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Butterfly effect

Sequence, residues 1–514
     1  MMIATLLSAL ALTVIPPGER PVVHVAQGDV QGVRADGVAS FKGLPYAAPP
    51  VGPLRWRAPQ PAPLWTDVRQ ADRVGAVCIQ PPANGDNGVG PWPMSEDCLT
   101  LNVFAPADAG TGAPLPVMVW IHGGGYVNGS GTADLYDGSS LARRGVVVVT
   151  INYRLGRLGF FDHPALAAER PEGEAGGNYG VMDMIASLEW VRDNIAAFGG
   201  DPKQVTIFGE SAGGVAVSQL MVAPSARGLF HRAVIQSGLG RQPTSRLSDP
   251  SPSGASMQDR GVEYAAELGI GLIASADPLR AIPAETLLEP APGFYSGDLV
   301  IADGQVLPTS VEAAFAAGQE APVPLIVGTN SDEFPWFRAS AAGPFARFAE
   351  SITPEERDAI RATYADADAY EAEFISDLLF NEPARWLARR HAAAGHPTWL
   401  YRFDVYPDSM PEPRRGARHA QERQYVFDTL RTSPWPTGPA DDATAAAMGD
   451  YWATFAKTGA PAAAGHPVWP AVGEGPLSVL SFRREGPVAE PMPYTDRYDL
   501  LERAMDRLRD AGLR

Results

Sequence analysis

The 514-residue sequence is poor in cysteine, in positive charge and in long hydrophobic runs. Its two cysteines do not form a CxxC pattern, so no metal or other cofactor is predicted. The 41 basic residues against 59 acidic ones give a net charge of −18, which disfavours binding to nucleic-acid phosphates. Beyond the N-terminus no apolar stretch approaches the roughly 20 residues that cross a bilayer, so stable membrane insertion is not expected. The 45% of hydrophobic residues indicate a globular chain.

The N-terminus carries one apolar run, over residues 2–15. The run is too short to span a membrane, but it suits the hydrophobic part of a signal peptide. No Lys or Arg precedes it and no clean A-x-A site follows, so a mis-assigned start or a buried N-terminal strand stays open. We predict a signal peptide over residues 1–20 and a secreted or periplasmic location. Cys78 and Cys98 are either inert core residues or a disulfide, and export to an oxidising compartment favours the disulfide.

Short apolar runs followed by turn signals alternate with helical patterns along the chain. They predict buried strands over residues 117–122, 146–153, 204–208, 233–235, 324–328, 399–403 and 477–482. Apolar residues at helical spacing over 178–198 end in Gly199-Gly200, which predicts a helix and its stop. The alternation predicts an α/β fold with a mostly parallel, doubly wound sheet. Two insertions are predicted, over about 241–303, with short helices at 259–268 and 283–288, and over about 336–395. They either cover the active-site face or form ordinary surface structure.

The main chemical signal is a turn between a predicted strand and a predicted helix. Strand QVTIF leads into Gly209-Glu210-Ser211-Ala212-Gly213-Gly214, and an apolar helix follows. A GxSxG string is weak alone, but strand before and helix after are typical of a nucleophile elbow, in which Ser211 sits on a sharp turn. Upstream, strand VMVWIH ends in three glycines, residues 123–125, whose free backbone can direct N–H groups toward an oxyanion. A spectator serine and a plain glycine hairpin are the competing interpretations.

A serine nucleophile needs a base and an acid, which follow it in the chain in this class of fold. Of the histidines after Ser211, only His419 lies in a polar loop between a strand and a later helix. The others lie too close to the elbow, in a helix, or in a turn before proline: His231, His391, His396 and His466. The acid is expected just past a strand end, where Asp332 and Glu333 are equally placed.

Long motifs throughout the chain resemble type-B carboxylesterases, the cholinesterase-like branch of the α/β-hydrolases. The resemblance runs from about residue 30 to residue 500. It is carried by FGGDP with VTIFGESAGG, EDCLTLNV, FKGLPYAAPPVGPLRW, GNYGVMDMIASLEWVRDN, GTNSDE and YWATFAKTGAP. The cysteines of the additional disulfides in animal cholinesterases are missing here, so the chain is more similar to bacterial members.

The Japanese Yen keeps weakening and it’s approaching 160 vs the U.S. dollar. Why is that relevant? In a global interconnected martket where investors are allocating capital with a global approach, the impact of any dislocation outside the U.S. will be felt almost immediately. Second of all, suden weakness in a countries currencies is a symptom that indicates something is wrong. In the case of Japan, its debt to gdp is 263%, but more importantly, 43% of JGBs are owned by the Bank of Japan. In other words, the central bank has printed money to buy debt, to produce inflation after decades of deflation and disinflation. An important collateral damage of massive money printing is the weakening of their currency. How do you get out of that vicious cycle? Japan can raise rates, but it will crush the economy or it could sell US treasuries. Japan is the biggest UST holder with $1.1Tn. If they were to sell half of that position to repatriate the proceeds and cancel some of the debt they own, it will have a devastating impact on the U.S.

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